Attend this training session to consider these factors and how they might be applied to develop jobs, engagement and productivity within your own organisation.

Who should attend?

  • Chief Human Resource Officers
  • HR Directors
  • Heads of Talent Management
  • Heads of Employee Engagement / Experience
  • Heads of Organisational Design
  • Heads of Talent Acquisition / Recruitment
  • Job designers and analysts
  • HR business partners and other HR staff wanting to contribute more broadly to organisational effectiveness
  • Business leaders with responsibility for the effectiveness of their own teams and organisations.

Be able to conduct effective job design as part of organisation or process design or to inform job evaluation etc.

Understand the range of factors that need to be considered to ensure people have the opportunity to engage in good work

Have had the opportunity to consider changes in the world of work and how job design is being impacted by new technologies and employment models etc.

Be able to design jobs to meet the needs of job holders as well as being able to implement the tasks required by the business

Be positioned to support improvements in people’s working lives and the business's productivity.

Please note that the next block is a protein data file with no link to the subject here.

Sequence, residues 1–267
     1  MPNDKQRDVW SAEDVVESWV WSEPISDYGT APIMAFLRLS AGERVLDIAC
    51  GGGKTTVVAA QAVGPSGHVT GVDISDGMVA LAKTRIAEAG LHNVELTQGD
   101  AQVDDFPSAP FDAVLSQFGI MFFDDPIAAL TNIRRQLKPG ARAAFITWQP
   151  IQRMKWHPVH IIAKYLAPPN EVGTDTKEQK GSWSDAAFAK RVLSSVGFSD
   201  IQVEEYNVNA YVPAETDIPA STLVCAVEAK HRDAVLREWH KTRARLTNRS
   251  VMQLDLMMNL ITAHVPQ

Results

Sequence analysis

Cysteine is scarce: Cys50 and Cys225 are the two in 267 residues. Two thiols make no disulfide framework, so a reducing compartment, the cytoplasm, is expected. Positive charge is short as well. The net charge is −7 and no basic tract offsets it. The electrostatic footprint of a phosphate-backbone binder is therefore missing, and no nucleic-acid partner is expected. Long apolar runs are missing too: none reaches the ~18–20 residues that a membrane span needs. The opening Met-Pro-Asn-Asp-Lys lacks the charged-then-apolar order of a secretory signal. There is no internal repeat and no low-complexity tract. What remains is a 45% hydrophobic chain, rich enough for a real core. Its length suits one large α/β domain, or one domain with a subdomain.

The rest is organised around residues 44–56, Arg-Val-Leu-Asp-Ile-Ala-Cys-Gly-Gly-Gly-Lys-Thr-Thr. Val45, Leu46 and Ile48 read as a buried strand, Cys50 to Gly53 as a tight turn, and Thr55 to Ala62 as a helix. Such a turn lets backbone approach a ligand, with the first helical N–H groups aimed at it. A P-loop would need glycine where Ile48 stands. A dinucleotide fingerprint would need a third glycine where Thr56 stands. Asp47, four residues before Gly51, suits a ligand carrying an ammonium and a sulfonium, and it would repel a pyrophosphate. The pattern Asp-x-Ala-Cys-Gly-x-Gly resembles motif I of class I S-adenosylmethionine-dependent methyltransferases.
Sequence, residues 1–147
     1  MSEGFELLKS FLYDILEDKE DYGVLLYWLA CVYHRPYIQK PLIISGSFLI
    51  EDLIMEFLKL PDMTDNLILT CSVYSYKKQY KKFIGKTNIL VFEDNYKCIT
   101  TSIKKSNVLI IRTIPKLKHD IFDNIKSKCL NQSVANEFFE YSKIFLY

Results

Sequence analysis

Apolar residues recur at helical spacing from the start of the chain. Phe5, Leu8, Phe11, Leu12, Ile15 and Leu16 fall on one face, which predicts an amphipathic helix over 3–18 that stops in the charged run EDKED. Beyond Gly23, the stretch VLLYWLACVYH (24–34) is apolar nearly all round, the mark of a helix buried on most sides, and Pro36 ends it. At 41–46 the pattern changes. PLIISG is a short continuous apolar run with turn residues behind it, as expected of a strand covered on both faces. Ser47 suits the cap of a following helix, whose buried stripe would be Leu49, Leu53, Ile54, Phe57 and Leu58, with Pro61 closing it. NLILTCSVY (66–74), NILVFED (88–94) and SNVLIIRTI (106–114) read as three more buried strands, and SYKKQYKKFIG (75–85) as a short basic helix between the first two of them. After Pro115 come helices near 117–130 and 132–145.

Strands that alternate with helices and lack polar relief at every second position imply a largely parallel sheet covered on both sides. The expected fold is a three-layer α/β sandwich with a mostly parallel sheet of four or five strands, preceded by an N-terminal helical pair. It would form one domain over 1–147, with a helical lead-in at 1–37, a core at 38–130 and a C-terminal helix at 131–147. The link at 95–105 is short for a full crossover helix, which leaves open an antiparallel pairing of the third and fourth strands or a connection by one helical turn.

10.00-11.00 Reinventing Jobs to Improve Productivity

  • The importance of placing job design within organisation, team, process and workplace design as well as linking to workforce management
  • Conducting role and job analysis, including through new workforce analytical tools, and links to job evaluation
  • Opportunities for job specialisation or enlargement, simplification or extension, enrichment and rotation etc.
  • Balancing consistency and flexibility in job and role titles
11.15-12.15 Re-orienting Jobs towards Good Work

  • Meeting needs for safety, health, wellbeing and engagement
  • Developing new social contracts for privileged and precarious segments of the workforce
  • Designing manager jobs to ensure good management and increased levels of trust
  • Responding to an increasing national living wage, and insights on the future of work e.g. the potential implications of universal basic income
  • Making a business case for progressive management and design of the organisation
1.00-2.00 Designing Roles and Jobs

  • Designing good jobs which will fulfil job holders’ needs by providing autonomy, competence and relatedness